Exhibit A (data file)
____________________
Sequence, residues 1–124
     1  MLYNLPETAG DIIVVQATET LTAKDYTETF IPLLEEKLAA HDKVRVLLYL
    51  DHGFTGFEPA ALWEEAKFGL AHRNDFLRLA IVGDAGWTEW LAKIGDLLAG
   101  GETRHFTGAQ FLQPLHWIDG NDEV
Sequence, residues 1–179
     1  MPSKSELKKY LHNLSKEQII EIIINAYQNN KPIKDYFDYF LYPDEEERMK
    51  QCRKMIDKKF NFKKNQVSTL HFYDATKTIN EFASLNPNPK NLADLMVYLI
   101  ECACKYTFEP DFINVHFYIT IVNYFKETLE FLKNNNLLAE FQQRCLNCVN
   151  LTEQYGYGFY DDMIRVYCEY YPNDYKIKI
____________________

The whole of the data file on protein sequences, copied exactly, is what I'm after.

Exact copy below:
Sequence, residues 1–124
     1  MLYNLPETAG DIIVVQATET LTAKDYTETF IPLLEEKLAA HDKVRVLLYL
    51  DHGFTGFEPA ALWEEAKFGL AHRNDFLRLA IVGDAGWTEW LAKIGDLLAG
   101  GETRHFTGAQ FLQPLHWIDG NDEV
Sequence, residues 1–179
     1  MPSKSELKKY LHNLSKEQII EIIINAYQNN KPIKDYFDYF LYPDEEERMK
    51  QCRKMIDKKF NFKKNQVSTL HFYDATKTIN EFASLNPNPK NLADLMVYLI
   101  ECACKYTFEP DFINVHFYIT IVNYFKETLE FLKNNNLLAE FQQRCLNCVN
   151  LTEQYGYGFY DDMIRVYCEY YPNDYKIKI